Stoned drivers: As bad as drunk drivers?

New data reveals that many drivers get behind the wheel after smoking pot, spurring calls for the cannabis equivalent of a blood-alcohol test

A car accident in Chula vista, Calif.: In California alone, as many as 1,000 car accidents and fatalities are blamed on drugged drivers, according to new data.
(Image credit: Richard Eaton /Demotix/Demotix/Corbis)

Drunken driving is still a major problem — alcohol was a factor in 32 percent of U.S. traffic-related deaths in 2009 — but drugged driving is on the rise, too. New data from the National Highway Traffic Safety Administration says many drivers are impaired by legal and illegal drugs, and marijuana is especially prevalent. From 1999 to 2009, the number of car crash fatalities where drugs were the primary cause, and no booze was involved, jumped by 55 percent. Here, a brief guide:

What have studies found about drugged drivers?

Sixteen percent of drivers stopped randomly in nighttime checks nationwide were impaired by legal or illegal drugs, according to a government tally. Roughly half of those impaired were under the influence of marijuana. And 33 percent of drivers in fatal crashes were under the influence of drugs. In California, some 1,000 car accidents and fatalities are blamed on drugged drivers each year. Law enforcement officials blame the rise of medicinal marijuana, which is legal in the state. "Marijuana is a significant and important contributing factor in a growing number of fatal accidents," says Gil Kerlikowske, the director of National Drug Control Policy.

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What are police doing about this?

While medicinal marijuana is legal, to some degree, in 16 states, most don't have a strict standard for the level of pot allowed in a driver's system. "We are not nearly to the point where we are with alcohol," says Jeffrey P. Michael with the National Highway Traffic Safety Administration. "We don't know what level of marijuana impairs a driver." Officers typically administer a 12-part exam to determine a driver's level of intoxication, based on their blood pressure, pulse, pupil dilation, and coordination. But there's no clear line, as there is with drinking and blood-alcohol levels.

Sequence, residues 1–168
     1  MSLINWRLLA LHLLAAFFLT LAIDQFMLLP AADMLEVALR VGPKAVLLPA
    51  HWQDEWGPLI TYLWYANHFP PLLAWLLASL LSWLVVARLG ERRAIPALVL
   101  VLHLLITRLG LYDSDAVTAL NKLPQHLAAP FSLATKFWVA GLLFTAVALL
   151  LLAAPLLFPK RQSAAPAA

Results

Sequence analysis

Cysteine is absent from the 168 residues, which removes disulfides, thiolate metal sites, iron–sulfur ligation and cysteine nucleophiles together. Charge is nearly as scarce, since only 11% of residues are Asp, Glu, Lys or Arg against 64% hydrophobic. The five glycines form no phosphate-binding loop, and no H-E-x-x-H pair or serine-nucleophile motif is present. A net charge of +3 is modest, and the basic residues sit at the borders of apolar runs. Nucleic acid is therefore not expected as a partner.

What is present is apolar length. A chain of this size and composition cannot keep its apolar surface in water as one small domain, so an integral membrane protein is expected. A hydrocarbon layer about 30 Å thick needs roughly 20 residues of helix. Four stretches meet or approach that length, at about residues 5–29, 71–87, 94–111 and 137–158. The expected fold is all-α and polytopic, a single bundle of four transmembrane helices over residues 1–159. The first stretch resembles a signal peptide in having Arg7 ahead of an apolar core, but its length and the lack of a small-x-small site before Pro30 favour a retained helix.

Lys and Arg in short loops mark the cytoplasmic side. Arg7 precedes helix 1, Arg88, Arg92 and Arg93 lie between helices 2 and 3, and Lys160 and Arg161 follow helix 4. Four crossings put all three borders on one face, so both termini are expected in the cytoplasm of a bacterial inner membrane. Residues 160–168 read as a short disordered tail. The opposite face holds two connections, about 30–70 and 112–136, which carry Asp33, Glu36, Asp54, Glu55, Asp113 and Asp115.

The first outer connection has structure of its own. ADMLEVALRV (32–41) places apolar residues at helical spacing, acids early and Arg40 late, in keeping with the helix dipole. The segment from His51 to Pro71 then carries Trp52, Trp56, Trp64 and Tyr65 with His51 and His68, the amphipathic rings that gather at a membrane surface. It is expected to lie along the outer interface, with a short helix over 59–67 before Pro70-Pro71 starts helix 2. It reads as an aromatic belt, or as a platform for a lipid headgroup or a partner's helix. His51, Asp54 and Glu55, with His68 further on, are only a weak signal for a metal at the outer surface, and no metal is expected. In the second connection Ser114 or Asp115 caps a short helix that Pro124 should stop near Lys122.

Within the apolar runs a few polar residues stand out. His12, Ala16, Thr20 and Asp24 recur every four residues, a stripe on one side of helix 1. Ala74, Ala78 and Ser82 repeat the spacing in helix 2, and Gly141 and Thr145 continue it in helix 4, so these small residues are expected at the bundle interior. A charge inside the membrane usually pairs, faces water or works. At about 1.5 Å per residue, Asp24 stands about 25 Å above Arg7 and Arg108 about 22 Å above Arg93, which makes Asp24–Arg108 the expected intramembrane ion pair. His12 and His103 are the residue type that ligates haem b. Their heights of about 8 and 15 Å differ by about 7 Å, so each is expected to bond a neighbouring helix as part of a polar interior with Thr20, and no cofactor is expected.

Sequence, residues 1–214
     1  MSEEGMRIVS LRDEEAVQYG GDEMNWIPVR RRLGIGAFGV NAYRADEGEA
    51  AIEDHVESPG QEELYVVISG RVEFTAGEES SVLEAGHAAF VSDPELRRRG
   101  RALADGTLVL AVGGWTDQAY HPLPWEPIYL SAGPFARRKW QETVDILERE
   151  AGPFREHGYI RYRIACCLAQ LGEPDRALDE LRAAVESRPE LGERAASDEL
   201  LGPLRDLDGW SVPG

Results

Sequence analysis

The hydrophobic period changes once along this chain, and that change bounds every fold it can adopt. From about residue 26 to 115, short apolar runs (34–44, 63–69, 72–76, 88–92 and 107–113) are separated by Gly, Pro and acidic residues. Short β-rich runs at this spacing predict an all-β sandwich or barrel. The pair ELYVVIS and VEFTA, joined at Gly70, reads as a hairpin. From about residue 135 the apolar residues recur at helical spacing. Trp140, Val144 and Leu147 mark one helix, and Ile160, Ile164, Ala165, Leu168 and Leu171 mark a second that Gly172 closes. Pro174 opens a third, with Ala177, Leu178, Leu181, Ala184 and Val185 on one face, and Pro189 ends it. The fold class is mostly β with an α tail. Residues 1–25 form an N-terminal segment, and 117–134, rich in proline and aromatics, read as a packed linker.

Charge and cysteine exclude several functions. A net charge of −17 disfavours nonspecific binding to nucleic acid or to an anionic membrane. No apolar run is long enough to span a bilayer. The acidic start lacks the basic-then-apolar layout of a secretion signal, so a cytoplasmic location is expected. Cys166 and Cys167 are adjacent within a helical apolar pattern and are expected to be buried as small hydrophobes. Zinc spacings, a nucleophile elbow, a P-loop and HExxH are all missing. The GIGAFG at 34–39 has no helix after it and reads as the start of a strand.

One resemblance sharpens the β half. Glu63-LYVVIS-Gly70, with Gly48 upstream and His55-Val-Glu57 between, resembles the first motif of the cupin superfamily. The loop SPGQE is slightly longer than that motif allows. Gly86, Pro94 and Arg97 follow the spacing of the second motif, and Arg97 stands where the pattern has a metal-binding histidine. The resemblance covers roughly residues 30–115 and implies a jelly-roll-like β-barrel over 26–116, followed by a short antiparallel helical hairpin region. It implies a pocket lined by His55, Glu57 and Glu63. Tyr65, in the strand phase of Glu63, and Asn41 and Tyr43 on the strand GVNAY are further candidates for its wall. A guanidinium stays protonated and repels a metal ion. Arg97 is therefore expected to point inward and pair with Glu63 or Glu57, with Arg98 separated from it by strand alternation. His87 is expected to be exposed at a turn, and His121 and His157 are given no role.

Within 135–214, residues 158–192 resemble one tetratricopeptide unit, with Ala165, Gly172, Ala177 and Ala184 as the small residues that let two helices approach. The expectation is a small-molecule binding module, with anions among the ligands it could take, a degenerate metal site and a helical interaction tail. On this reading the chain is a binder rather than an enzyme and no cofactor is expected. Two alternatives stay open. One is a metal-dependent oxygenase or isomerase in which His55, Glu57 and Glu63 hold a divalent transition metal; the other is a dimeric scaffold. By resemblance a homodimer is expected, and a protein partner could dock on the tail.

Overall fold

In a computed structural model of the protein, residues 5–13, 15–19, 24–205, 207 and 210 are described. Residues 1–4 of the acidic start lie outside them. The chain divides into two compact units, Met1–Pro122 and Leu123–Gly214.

How about a zero-tolerance policy for driving drugged?

Thirteen states do have zero-tolerance laws. But most, including California, simply rely on police officers to determine a driver's level of impairment. Zero tolerance is also somewhat complicated, as marijuana remains in the system for days and weeks. It's unclear how low levels of residual pot might impair a driver, if at all. Marijuana advocates worry that police might test drivers days or weeks after they last used marijuana. "Marijuana is not nearly as well understood as alcohol, which has been the subject of statistical and medical research for decades," says Ralph Vartabedian in the Los Angeles Times.

So, what now?

There are plenty of ongoing studies on the effects of marijuana on drivers. In Virginia Beach, Va., $6 million is being spent to prove that drivers with drugs in their systems are more likely to crash. The Office of National Drug Control Policy, the National Institute of Drug Abuse, and the National Highway Traffic Safety Administration are working together on a nationwide campaign to address the issue. Someday, scientists hope to be able to determine if a driver is under the influence of marijuana with a simple saliva swab test, but that will take years of research. Until then, police officers will have to rely on their judgement... as they did with alcohol decades ago.

Sources: Boston Herald, CDC, LA Times, Slate

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